50 Days of Gratitude: Forgiveness

May 18, 2016 was my Forgiveness Day.
It was glorious. 

I'd woken up and I decided that my stagnancy wasn't worth whatever lesson I was supposedly teaching my Thems by not forgiving them. I'd come to realize that I wasn't choosing love if I wasn't choosing forgiveness. 

Unselfish love is the basis of true forgiveness. We're talking true unconditional love. My journey from love to forgiveness wasn't so picturesque. 

This, by far, was the heaviest part of the experiment; What was supposed to take 10 days, actually took me 37 days. And girl, did I have a lot to forgive. Mr. Coffin and his culprits, Cathexis, Co-workers. Whew. (If you don't know who or what Cathexis and Mr. Coffin is, you'll have you read my earlier posts for context) Besides all of those Thems, though, there was a huge Me who also needed pardoning. 

I used the tools I sharpened in days 1-40 to begin a journey of self-forgiveness, forgiveness of others, and asking for forgiveness. I literally had to affirm and manifest forgiveness in my own heart, cling on tightly to my new found joy, do some serious reflecting, and continuously choose love. That's how I did it: I dug deep. I don't have some seven step easy guide to forgiveness. I can only offer my spiritual journey to enlightenment and self-awareness. 

I had to learn and accept a few things about forgiveness:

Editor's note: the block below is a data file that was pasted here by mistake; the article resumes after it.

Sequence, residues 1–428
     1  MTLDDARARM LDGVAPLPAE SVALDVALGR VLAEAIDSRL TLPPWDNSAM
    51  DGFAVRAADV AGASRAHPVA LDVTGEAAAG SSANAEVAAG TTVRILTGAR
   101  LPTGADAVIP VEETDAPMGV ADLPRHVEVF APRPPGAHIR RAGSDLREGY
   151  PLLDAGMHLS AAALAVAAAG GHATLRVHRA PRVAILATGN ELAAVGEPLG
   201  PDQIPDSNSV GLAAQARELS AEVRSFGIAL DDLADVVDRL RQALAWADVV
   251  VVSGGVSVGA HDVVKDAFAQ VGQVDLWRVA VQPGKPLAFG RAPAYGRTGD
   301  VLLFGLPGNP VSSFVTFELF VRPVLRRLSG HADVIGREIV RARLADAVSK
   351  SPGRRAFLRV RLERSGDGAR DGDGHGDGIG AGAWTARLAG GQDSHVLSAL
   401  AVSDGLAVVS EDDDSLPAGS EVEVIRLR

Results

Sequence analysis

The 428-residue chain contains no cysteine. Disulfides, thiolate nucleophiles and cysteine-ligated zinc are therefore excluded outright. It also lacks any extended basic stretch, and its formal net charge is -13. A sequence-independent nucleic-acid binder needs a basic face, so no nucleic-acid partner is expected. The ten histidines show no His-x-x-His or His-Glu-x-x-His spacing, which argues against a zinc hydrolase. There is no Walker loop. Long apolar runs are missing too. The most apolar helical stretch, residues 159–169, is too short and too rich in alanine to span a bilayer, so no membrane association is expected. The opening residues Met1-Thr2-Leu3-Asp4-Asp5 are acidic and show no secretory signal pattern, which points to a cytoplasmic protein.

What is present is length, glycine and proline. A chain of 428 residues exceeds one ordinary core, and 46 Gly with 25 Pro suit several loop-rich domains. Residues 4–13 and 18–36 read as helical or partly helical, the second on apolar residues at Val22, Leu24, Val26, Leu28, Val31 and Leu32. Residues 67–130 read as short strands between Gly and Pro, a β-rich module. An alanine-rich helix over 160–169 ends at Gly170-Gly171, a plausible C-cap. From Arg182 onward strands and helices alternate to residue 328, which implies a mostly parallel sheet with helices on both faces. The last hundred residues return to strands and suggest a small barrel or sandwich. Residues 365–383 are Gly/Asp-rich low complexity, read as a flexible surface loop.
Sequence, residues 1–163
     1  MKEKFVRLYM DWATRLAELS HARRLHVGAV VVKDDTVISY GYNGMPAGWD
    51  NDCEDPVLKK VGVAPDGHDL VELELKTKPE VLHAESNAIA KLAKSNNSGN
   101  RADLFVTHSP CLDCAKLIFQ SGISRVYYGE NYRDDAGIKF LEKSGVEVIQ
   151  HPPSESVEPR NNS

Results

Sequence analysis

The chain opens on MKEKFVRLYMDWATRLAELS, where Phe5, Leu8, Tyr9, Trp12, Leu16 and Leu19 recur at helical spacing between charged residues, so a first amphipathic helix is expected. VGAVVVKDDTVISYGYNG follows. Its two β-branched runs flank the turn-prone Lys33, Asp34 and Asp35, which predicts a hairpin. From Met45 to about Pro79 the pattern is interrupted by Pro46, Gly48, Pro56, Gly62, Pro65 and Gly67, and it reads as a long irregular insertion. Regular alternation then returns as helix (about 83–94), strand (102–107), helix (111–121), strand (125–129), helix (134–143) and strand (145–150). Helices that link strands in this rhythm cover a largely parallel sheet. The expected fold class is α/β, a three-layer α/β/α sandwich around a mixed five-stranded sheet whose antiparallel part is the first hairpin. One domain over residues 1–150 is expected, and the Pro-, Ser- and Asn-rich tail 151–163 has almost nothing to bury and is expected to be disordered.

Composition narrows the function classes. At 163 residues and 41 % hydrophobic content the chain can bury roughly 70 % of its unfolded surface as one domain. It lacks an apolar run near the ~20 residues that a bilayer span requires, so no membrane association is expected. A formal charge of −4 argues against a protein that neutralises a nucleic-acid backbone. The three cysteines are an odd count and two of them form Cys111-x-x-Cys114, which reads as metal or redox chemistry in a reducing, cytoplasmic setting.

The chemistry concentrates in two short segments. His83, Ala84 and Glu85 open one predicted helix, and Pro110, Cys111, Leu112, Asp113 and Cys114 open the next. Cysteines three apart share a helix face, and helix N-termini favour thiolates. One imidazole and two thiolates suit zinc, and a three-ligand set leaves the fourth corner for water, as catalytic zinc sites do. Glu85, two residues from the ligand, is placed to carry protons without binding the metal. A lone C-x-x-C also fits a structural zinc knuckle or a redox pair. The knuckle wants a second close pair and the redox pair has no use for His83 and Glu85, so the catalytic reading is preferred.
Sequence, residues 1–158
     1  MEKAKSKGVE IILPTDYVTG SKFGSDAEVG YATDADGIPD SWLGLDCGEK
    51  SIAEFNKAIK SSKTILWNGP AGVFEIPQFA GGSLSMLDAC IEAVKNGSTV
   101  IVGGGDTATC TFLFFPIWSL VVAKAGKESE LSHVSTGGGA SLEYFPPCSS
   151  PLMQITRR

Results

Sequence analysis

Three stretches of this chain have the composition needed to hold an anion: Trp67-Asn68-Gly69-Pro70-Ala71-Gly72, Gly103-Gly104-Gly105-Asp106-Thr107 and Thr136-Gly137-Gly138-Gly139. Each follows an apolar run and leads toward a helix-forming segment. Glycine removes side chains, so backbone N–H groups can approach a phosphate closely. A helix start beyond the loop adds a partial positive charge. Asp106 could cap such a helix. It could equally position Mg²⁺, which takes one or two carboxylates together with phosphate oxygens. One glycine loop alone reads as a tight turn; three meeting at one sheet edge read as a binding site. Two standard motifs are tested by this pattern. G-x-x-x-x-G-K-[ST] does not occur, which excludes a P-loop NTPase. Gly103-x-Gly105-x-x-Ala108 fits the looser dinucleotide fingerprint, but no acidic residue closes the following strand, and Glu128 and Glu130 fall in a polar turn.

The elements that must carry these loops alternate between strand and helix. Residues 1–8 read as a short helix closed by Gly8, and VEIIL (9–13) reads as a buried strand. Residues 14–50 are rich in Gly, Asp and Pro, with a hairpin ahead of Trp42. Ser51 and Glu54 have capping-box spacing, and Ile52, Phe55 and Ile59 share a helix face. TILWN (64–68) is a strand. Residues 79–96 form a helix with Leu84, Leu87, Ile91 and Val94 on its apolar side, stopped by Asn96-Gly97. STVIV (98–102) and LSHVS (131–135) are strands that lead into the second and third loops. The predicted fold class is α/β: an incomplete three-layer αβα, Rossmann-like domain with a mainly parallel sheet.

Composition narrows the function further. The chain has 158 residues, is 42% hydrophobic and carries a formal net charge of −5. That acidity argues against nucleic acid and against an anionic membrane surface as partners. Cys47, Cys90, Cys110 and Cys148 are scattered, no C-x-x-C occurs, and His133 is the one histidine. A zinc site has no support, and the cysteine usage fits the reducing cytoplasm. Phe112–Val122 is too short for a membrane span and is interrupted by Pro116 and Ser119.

1. I realized that forgiveness doesn't pardon the offender. In fact, it does just the opposite: It pardons the offended. 

2. I learned and practiced empathy for the other person (and hoped that they could/would return the same when it became time to forgive me). 

3. I went back to Love. God forgives and loves me in my inconsistencies. Let's be honest, I love Her, but I haven't always consistently served Her. Also, my display of love for Her hasn't always been consistent too. And then I thought, what if God never forgave me? My heart dropped and I decided to have a little more God in my heart, a little more Love, a lot more forgiveness.

When I truly forgave others in my heart, some who asked for forgiveness and of some who probably/may never will, it made my "I'm sorry's" that much more beautiful of an experience because I understood the journey of what had to take place in their hearts to get to their "I forgive you's". Some happened instantaneously (ah, the beauty of Love), and others needed to go through a similar process as I did. But for once, I understood where they were and I was patient. I was okay and able to sit in the purgatory of offense and forgiveness because I'd put so many other people in that same space. 

Danielle Lyles Barton